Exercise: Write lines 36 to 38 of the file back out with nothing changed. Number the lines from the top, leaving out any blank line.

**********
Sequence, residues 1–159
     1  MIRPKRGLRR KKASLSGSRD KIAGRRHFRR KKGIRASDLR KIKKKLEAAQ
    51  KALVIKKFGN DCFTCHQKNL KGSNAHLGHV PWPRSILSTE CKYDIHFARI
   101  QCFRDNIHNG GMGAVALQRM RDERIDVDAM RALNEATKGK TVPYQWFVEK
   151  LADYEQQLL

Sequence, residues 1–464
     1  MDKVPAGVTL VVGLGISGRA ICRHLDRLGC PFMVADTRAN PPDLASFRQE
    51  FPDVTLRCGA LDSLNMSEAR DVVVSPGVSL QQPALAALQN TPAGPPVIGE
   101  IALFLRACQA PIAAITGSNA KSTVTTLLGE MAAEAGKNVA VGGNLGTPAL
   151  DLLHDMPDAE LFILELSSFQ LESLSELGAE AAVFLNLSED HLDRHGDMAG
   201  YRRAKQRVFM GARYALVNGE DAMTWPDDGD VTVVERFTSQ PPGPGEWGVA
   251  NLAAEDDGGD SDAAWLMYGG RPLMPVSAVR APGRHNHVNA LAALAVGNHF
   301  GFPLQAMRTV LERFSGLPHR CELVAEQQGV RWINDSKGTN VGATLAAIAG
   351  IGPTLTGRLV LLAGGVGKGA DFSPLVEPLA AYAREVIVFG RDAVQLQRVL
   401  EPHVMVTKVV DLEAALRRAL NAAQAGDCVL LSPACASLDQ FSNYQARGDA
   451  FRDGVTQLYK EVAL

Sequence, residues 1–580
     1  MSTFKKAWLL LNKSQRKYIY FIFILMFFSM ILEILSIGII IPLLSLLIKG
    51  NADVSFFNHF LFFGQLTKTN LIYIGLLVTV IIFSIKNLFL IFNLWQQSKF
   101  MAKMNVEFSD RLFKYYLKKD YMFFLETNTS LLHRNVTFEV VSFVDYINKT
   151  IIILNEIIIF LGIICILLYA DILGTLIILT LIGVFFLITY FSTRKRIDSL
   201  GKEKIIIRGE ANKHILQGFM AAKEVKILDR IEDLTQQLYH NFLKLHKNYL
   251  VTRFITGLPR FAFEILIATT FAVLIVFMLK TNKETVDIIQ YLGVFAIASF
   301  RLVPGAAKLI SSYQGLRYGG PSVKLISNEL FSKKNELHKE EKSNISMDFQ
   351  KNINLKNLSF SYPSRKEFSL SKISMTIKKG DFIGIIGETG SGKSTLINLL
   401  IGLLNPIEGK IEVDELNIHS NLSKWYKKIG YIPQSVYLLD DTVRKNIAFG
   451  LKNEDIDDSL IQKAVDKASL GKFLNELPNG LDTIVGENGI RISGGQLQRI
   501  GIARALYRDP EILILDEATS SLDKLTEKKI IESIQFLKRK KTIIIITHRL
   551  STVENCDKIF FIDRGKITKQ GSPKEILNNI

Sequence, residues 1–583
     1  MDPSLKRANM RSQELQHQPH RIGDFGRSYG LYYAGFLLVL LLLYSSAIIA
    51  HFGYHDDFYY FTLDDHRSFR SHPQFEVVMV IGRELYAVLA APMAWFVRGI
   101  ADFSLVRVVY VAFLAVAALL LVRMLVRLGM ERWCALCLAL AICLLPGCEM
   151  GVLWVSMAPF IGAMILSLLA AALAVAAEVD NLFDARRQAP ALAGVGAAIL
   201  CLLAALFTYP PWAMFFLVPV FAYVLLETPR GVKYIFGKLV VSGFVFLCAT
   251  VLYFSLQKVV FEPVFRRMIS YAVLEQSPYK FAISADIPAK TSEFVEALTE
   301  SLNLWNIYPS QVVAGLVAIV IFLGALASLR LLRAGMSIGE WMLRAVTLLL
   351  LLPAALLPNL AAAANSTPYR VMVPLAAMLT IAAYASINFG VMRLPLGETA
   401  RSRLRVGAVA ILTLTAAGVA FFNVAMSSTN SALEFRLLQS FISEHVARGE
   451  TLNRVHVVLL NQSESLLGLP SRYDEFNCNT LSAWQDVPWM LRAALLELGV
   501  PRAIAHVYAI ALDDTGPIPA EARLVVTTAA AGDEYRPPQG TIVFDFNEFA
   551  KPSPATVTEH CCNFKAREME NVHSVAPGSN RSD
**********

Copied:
   251  VLYFSLQKVV FEPVFRRMIS YAVLEQSPYK FAISADIPAK TSEFVEALTE
   301  SLNLWNIYPS QVVAGLVAIV IFLGALASLR LLRAGMSIGE WMLRAVTLLL
   351  LLPAALLPNL AAAANSTPYR VMVPLAAMLT IAAYASINFG VMRLPLGETA